22. Hi all! I'm tossing around ideas for a future dioarama scene including my recently built 1:35 scale Hitachi excavator. One idea is to have a dump truck accompanying the digger, but my Internet searches for such a kit have so far been negative. So I thought I would ask all knowledgeable people here. Does anyone know about a 1:35 scale dump truck kit? It should be a reasonably contemporary truck that can pass for use here where I am, so something like a Volvo, Scania, Man or similar would be nice. Like this, although this is only an example of the type of truck I'm looking for: I guess I really only need the truck itself. I can always build the flatbed myself. Any help greatly appreciated, Lennart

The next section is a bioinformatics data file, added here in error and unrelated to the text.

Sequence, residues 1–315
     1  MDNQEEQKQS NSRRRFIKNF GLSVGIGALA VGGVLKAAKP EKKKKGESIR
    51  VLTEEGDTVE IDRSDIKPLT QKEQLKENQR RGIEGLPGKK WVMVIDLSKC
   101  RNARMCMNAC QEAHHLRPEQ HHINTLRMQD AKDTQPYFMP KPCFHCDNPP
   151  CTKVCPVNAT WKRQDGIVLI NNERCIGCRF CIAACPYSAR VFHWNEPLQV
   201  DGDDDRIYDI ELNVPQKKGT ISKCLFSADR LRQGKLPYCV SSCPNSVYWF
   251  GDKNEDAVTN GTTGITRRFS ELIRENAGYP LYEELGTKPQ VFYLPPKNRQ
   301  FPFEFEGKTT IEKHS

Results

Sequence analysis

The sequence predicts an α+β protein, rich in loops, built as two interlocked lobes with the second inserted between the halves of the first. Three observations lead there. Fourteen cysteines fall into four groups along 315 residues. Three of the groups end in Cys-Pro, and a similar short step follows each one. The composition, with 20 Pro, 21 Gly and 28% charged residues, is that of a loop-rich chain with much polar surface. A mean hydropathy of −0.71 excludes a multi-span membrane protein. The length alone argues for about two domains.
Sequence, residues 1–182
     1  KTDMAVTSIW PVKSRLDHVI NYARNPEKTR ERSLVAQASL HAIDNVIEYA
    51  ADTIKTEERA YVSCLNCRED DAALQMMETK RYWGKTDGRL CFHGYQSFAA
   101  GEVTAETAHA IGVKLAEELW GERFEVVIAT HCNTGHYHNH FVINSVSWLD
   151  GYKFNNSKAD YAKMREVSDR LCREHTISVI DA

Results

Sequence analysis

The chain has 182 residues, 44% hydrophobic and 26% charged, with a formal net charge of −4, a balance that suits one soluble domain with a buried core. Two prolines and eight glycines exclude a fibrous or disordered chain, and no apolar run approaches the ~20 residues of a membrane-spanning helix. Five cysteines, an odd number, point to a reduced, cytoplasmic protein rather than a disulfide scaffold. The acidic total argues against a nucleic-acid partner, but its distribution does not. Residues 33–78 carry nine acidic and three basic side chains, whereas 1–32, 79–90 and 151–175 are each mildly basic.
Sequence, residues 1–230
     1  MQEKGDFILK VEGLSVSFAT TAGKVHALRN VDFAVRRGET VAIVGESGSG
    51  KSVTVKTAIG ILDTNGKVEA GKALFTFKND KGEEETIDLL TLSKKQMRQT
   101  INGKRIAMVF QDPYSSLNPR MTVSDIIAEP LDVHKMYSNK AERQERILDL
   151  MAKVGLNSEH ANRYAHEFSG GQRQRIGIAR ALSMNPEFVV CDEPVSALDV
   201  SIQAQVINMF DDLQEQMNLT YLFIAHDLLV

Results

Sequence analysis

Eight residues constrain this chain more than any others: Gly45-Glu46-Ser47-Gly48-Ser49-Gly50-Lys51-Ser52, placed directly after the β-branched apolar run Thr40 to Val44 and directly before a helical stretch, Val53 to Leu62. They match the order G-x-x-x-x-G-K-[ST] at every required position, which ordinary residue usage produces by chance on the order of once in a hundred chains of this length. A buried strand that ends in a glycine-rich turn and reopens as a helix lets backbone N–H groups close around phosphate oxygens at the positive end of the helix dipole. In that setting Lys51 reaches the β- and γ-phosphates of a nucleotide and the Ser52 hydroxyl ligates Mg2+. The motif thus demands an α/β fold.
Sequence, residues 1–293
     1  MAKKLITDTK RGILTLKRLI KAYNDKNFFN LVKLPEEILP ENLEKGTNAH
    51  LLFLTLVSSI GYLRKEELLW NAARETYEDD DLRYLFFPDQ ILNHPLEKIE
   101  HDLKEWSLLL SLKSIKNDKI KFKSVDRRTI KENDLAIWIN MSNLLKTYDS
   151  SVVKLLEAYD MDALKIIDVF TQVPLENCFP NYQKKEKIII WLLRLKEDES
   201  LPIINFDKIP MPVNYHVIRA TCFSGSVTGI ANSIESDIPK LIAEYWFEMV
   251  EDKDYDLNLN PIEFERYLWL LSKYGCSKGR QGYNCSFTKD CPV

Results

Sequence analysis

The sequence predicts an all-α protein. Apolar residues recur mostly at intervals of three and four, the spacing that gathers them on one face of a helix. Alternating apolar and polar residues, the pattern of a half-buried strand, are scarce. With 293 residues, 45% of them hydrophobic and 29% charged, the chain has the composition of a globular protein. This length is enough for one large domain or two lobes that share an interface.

23. Afternoon all from the land of the Long White Cloud. This started life about a month ago as an experiment - First time using Ammo of Mig acrylics and first attempt at the 'modulation method'. So because I don't want to bore everybody here at BM with the intervening steps, here's what it looks like all finished-off, (apologies to folks with slow broadband as it's quite photo-heavy !). Built straight from the box with no additions, I will be getting a set of the MiniArt British tank figures to group around and in the model in the near future. Weathering after the main paint modulation, filters & decals (in chronological order) - Dirty brown oil pin-wash, chipping and scratches, streaks & stains, heavily thinned dirty grey acrylic on the lower sections & wheels to simulate road dirt and finally pigments & mud splashes. Please feel free to make any comment, ask any questions or suggest anything I can improve upon. This'll be the last armour project for a while as I've got an F40 to finish and I'm also about 50% of the way through a 1:48 P-51 (both Tamiya). AFN Ian.